Make it understood that you will not stand for such teachings, tear every hair out of the woman's head who dares to give such scab talk to your sister workers. Make them afraid to come before you with such talk. Let all rejoice in the girl who shall be brave enough to resent this scab teaching.
The religious ethics of humility, long suffering and patience are very beautiful in an ideal state; they are in fact virtues for the master class (who do not practice them), who have all the best of the good things of life. They are satisfied and contented with things and conditions as they are, but the girl who slaves and toils her youth, her beauty and health away in order that the master class may profit, should not be contented or loyal or submissive or humble or satisfied. If any girl voiced her real deep feelings she would say she hated toiling and slaving, but along come the moral teachers who give the girl a few more sleeping tablets in the name of welfare work, vacational funds etc., throwing a few crumbs from the master's table to her.
If working women acted on their feelings, there would doubtless be no capitalist class holding sway to-day. It is the damnable reformer, philanthropist and moral damper who give to the ardent individuals teachings which tend to cool their ardor and stupify them as a class.
May a new spirit awaken and infuse this enslaved girlhood to dare and feel an age-long resentment and may it give her courage to speak and act.
Again, always has this girl taken her standards from "My Lady" of the upper class--her morals, her education, her conduct, her dress and fashions, her desires, her ideals, her habits, her pleasures; everything which the girl has, comes on down to her as "leftovers" from the gold plate of the master class. Our present day tango is an example. It began with class A, was frantically caught up by class B and just naturally seeped on down to class C. Thus we find class C lacking in creative ability, force and individuality, for imitation is a weakening process.
It is time this should not be. Why should the class who do all the work of the world acknowledge the master class (who keep them in slavery) as gods of knowledge, fashion and goodness; and follow in their footsteps.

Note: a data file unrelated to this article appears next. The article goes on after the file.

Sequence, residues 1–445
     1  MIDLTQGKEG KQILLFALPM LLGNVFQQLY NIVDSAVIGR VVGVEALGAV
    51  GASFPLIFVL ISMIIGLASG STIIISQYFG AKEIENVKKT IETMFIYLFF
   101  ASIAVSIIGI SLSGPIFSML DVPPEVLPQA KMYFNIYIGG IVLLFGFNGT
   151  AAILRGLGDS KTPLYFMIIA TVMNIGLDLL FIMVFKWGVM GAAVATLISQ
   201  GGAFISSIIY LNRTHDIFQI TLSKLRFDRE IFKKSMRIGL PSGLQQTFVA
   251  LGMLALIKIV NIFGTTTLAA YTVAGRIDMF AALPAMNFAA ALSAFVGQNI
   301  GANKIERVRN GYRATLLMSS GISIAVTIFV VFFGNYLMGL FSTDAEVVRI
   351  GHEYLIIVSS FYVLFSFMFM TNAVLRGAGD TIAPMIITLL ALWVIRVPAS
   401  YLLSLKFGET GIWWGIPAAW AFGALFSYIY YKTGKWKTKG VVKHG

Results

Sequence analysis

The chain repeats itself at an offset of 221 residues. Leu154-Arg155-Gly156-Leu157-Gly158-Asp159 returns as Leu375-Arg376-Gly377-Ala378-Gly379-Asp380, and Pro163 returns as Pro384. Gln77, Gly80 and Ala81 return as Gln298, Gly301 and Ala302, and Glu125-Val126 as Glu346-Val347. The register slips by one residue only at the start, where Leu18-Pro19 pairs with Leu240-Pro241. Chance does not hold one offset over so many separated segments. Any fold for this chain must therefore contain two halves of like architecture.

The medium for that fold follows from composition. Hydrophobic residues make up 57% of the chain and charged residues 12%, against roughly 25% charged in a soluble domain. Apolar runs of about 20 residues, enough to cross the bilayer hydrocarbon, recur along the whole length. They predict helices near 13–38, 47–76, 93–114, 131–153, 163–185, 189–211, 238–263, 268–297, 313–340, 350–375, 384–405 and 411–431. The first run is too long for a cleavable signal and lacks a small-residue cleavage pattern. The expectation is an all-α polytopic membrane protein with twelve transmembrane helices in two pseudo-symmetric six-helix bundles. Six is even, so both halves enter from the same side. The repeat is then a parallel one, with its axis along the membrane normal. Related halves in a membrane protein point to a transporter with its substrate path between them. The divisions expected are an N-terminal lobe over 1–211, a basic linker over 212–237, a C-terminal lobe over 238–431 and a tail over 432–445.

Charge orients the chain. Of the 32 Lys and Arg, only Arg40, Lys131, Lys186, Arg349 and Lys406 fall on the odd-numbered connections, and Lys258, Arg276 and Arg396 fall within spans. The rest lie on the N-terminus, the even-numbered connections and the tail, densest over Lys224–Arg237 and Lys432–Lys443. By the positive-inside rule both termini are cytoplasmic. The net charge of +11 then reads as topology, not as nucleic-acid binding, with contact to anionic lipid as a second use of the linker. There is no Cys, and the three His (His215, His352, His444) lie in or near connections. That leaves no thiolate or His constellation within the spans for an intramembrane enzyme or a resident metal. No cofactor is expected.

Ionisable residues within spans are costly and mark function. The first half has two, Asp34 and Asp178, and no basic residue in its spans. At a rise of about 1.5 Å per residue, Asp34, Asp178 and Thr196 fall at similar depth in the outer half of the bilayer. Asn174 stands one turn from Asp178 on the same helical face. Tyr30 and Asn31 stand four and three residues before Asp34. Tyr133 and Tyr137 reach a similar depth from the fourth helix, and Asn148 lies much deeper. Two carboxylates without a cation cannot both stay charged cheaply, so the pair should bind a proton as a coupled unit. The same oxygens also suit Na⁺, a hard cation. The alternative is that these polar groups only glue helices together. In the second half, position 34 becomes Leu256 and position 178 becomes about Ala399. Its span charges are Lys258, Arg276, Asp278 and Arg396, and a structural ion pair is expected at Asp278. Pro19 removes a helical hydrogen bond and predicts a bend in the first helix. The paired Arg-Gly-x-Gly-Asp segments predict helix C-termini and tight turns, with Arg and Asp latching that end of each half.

It is because they do not know or realize their own power and their own class cleanliness. For instance the girl who toils in sweatshop or mill is of greater natural purity and higher morality (even under present standards) in comparison, than my Lady of the upper class, for this girl comes from parents who have lived near the soil; whose senses are beautified and accustomed to the sweetness and perfume of the earth; such parents give offspring whose desires are simple and beautiful, but the same cannot be said of the lady whose parents and grandparents have lived lives of tenseness, nervousness and sensuality, whose emotions and desires must be aroused either by highballs or cocktails and satisfied by perverted acts and practices. This latter is the class who set up standards for the workers to live by.
Too little has been taught the girl as to the character she should develop in her own defense. The Church teaches how to develop a girl's character in its own interests -- not hers. The workers must get new and different values of life and character; they must create their own morality and realize they are surrounded by barriers of Church teachings; traditions; neighbors' gossip, etc., etc., all of which are bitter enemies of self-development.
Let the girl view all things from the standpoint of her enslaved class. Let her use tactics to free that class and recognize those forces which are working to keep her down. Only one sense of right and duty should she cultivate; that towards her class.
All revolutions have been brought about by the few militant individuals with forceful characters. A new society must be built upon such characters--strong, compelling, class-conscious, casting on the rubbish heap all morality created by the upper class.
The working class cannot rise in revolt against their slavery until the women rise too. This means a new womanhood, the development of which must be brought about by conscious militancy.
Copyright, Margaret Sanger Project